When is a passenger van actually a cargo van? It's the obscure legal question at the heart of a trade case that could have profound implications for how American companies respond to President Donald Trump's tariffs.
Trade attorneys are closely watching a case playing out in federal court involving Ford Motor Co. The automaker imported passenger vans, then removed a row of seats and sold the vehicles as cargo vans. In doing so, Ford paid a 2.5 percent import duty on the vans, because they were classified at the border as passenger vehicles, rather than the 25 percent tariff on light trucks that includes cargo vans.
U.S. Customs challenged the practice, accusing Ford of improperly masking its intentions. The Court of International Trade ruled in Ford's favor in 2017, but the government has appealed, and the U.S. Court of Appeals for the Federal Circuit heard oral arguments Monday.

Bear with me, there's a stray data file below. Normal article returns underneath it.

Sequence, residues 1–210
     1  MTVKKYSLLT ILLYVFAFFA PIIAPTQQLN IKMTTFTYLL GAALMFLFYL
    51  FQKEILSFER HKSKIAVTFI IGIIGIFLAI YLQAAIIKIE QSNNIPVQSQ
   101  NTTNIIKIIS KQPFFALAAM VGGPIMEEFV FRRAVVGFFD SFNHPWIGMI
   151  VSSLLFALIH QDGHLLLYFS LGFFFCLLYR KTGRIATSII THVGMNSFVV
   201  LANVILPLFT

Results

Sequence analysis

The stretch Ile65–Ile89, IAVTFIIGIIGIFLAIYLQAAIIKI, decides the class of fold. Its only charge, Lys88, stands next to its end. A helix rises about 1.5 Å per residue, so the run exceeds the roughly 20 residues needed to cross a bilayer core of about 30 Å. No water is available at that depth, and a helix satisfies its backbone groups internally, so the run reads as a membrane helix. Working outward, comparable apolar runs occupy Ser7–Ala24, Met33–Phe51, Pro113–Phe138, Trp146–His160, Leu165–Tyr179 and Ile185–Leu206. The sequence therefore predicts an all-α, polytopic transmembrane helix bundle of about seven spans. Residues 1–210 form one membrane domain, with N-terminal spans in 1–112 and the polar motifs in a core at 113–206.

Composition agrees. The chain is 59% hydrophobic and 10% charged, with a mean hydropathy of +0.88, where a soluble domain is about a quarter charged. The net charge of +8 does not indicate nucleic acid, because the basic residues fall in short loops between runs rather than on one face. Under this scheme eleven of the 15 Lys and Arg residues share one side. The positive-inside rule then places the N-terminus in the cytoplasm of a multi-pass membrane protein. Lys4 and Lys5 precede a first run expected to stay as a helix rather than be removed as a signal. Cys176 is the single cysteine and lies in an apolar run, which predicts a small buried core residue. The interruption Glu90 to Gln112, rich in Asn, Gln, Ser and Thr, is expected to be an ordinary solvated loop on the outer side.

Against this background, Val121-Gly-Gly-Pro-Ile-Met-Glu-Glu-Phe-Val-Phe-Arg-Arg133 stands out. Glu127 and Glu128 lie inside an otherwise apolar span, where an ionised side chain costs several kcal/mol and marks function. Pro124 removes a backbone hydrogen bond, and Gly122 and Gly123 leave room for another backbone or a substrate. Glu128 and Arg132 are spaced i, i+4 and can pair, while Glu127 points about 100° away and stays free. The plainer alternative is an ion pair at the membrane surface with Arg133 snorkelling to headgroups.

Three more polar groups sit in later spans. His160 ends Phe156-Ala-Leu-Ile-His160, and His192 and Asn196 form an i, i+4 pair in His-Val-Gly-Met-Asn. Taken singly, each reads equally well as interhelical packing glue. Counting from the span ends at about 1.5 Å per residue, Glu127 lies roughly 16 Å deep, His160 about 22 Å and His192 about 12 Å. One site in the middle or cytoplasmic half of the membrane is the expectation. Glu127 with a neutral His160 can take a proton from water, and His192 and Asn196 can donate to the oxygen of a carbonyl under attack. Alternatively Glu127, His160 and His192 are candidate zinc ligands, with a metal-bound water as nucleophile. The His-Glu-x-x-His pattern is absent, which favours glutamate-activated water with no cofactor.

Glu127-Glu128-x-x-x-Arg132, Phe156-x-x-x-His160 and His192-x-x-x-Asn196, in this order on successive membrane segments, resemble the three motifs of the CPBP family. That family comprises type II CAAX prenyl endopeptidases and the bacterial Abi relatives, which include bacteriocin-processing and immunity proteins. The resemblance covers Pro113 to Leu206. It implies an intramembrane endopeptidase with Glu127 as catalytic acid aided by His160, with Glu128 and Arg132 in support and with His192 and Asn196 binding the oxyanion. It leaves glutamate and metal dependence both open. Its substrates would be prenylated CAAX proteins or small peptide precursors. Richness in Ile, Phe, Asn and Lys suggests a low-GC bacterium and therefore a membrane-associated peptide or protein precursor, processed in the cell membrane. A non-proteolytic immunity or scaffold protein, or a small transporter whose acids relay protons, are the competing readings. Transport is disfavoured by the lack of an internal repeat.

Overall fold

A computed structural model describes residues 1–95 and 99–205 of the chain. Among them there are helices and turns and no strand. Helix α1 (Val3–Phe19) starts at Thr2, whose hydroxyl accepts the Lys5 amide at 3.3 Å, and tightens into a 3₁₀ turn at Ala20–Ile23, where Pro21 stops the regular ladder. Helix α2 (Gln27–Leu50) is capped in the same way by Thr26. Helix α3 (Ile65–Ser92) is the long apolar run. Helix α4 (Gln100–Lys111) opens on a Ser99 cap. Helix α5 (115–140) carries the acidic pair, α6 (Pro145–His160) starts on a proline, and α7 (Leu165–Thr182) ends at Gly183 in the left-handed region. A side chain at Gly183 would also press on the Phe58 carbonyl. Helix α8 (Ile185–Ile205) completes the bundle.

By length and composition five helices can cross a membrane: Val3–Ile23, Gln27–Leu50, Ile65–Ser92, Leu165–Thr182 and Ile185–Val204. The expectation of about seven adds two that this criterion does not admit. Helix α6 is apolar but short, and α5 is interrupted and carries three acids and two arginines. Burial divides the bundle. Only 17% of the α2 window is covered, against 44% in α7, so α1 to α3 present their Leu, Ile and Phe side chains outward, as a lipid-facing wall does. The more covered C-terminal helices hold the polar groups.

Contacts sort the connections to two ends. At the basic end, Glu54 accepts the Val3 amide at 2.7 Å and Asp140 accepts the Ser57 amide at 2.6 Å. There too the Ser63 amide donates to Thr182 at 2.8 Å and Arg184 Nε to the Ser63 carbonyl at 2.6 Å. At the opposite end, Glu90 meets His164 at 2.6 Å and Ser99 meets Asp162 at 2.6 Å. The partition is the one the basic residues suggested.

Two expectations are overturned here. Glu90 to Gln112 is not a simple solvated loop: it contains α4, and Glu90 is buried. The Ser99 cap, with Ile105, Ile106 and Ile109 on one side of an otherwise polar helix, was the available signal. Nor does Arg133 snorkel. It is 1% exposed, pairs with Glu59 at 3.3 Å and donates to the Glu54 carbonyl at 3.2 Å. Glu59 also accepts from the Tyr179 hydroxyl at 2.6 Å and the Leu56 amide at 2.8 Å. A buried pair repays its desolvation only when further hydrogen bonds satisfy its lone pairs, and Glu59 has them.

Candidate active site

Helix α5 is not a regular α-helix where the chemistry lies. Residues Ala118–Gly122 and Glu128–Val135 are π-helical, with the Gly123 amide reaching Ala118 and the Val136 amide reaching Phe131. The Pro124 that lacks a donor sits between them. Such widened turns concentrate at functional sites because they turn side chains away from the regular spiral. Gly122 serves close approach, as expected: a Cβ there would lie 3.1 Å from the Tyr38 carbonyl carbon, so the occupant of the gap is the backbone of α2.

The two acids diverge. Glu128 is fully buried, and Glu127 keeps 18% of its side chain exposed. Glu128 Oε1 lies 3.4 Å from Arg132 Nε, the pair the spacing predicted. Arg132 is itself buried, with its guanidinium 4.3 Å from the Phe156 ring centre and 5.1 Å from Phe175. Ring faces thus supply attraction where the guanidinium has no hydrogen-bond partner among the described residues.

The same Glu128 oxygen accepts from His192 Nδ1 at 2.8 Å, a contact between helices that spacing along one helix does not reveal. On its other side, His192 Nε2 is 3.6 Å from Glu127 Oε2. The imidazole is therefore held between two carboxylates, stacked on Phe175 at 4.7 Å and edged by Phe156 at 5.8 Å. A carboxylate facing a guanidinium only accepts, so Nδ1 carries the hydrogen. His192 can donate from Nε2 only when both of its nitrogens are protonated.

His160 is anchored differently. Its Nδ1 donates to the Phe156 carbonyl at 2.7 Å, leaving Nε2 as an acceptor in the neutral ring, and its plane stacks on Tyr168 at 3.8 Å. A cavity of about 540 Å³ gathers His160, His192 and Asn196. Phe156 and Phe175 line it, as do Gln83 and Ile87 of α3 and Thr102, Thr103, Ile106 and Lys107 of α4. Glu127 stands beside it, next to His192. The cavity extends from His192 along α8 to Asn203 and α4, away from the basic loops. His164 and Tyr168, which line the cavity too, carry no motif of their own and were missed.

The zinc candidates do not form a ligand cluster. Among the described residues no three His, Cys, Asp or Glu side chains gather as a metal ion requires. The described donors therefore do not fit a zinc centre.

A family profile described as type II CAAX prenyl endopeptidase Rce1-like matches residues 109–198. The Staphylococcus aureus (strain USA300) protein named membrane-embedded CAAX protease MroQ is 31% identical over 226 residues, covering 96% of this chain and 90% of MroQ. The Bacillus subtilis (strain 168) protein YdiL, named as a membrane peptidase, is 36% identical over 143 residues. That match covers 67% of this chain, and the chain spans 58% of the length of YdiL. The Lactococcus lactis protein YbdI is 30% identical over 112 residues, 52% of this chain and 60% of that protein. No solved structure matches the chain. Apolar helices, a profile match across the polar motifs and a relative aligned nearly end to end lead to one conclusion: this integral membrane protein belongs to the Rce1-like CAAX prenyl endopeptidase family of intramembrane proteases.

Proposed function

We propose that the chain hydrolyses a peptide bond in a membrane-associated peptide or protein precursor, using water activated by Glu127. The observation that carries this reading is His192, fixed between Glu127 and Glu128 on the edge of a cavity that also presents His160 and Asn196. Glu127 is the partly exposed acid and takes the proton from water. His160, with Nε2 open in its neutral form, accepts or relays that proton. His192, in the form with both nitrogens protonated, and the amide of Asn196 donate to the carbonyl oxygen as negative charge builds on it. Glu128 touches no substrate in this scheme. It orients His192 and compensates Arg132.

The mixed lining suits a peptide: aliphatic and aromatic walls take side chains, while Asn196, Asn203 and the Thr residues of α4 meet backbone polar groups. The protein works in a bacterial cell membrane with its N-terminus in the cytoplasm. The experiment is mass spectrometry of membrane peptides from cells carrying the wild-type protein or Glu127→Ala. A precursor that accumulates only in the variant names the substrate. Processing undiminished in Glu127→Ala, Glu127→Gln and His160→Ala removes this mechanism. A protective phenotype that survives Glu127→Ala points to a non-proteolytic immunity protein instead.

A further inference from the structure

The decision could impact how Customs rules in other duty cases, complicating the ability of companies to avoid U.S. tariffs imposed by the Trump administration since last year, said Suzanne Kane, an attorney at Akin Gump Strauss Hauer & Feld. "It's even higher stakes now,'' Kane said.